Last Updated: Friday - 09/24/2010
July 20, 2009
Charity in Truth tackles social economy
CCCB president Archbishop James Weisgerber also notes relevance for aborginal peoples' dilemmas
Archbishop James Weisgerber
Then there are projects like Kids in the Hall where low-income youth run a cafeteria in Edmonton City Hall and Ten Thousand Villages where Canadians can buy goods produced in the developing world for which the producers receive fair return.
These are projects that aim to have both economic and social benefits for both investors and those who make use of the project's services.
McKeon noted that Canadian Catholic religious orders have a $7 million fund to invest in social economic projects. The orders will need the money to pay for the retirement needs of their members, but they want the money to serve social values and get a decent return in the meantime.
While that and other similar funds provide a relatively low return on investment, the return has been more stable than that of large endowment funds which lost 20 to 30 per cent in the current economic downturn, he said.
Pope Benedict's encyclical found its inspiration in Pope Paul VI's 1967 Populorum Progressio (The Progress of Peoples).
But McKeon noted that the current pope combined that social emphasis with Pope Paul's rich understanding of evangelization in Evangelii Nuntiandi (The Evangelization of Peoples, 1975) and viewed Humanae Vitae (On Human Life, 1968) in terms of social ethics, not just personal ethics.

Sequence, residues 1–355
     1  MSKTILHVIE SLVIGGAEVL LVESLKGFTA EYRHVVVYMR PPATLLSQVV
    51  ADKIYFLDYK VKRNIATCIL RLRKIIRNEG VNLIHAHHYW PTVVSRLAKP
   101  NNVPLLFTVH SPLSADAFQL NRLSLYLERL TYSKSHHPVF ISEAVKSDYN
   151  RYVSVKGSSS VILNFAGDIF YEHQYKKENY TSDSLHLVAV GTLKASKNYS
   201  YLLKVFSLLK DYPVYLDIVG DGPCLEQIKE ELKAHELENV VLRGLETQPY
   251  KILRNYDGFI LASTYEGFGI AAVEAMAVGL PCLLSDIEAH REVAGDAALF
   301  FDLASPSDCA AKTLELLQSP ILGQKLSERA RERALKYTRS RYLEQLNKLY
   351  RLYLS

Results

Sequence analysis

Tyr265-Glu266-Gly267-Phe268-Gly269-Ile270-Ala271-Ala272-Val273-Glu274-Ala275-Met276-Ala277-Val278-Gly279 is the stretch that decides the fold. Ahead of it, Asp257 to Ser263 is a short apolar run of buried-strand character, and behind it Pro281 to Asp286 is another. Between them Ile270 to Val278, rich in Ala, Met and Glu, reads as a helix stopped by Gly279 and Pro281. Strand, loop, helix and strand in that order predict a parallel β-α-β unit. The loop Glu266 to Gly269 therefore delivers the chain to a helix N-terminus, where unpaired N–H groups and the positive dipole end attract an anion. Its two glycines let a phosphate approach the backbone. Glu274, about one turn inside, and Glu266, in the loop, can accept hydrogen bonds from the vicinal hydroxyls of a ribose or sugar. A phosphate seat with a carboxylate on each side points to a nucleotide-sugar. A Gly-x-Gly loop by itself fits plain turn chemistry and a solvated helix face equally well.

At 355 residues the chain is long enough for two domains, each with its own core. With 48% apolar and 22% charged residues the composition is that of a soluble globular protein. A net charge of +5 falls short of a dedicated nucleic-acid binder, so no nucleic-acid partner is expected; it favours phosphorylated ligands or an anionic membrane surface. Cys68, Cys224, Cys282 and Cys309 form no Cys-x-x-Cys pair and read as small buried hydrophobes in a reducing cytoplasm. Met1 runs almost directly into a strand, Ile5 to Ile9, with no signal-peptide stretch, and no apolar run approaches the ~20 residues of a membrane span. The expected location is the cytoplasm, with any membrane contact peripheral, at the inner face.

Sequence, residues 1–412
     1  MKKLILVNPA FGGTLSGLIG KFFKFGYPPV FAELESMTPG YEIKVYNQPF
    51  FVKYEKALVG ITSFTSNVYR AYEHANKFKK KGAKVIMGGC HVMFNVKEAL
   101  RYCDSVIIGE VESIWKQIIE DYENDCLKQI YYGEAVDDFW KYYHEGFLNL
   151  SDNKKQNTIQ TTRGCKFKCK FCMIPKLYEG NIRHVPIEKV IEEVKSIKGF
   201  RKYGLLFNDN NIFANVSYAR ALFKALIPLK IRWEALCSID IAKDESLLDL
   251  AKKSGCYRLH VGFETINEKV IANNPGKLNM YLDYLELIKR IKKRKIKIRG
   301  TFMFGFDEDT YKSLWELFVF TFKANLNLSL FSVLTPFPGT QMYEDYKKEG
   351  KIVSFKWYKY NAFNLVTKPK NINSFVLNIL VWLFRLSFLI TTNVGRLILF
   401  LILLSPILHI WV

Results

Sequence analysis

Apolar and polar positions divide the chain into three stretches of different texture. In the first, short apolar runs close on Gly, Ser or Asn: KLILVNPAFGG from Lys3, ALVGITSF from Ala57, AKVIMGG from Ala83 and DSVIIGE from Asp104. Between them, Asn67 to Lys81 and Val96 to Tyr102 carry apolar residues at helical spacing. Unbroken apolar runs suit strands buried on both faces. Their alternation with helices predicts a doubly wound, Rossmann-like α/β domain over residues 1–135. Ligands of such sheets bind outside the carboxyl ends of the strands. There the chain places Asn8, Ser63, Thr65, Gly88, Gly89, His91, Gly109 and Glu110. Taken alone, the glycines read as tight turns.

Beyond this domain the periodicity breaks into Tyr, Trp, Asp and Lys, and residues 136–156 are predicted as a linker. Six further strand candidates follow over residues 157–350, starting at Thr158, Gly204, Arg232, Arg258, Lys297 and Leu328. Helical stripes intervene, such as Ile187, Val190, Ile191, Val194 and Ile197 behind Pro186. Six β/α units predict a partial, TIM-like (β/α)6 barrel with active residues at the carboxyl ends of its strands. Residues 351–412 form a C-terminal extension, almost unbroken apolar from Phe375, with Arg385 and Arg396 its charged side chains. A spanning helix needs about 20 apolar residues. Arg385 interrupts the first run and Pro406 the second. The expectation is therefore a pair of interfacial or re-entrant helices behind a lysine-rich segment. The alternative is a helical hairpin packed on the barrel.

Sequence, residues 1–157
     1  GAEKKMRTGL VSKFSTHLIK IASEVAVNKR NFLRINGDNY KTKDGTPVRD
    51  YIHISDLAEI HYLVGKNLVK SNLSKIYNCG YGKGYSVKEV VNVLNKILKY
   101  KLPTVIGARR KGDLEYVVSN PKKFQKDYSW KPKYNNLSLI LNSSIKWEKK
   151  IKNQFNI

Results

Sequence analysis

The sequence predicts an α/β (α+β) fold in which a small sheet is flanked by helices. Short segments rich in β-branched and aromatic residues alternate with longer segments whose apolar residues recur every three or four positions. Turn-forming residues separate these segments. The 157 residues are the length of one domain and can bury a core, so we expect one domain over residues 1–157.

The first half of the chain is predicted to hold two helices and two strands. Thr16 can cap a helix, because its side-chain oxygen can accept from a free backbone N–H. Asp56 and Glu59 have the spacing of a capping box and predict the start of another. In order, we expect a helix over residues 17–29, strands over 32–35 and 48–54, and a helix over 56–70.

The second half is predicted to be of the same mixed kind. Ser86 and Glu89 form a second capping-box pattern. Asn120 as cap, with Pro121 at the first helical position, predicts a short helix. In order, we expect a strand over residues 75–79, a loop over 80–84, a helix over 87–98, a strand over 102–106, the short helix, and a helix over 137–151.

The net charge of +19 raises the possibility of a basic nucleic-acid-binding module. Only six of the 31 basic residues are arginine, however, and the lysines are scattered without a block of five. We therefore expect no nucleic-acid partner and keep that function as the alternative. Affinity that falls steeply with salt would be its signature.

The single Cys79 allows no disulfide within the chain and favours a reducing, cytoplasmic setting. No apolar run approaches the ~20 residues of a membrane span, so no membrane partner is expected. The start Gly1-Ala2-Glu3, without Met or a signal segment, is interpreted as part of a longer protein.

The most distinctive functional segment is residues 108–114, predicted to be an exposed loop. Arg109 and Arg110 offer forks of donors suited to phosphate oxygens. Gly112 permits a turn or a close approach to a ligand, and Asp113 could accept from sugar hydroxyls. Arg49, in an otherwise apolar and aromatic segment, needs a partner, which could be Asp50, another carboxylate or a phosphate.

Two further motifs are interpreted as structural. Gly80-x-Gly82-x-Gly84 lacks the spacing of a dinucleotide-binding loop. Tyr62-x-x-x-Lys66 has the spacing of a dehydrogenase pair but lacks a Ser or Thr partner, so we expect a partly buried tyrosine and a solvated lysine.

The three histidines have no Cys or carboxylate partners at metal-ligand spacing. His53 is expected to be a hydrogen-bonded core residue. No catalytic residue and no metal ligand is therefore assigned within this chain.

Winnipeg Archbishop James Weisgerber, president of the Canadian Conference of Catholic Bishops, was struck by how much of the encyclical is applicable to the place of Canadian aboriginal communities.
The encyclical's comments on the gap between rich and poor are relevant to the marginalization and poverty experienced by aboriginal people, said Weisgerber, who had long pastoral experience with native people before becoming a bishop.
Pope Benedict speaks of the Trinity in terms of the total giving of each Person to the others while still retaining their own identity, he noted. "That's exactly what we're trying to do with the aboriginals. How do we find a way to respect their identity and their culture and still bring them into the mainstream of society?" he asked.
Weisgerber also was struck by the pope's approach to the relationship between poverty and population. While some population reduction as the way to reduce poverty, "that's certainly not the Catholic view."
The pope maintains populous nations rose from poverty precisely because of their large populations and the talents of their people.
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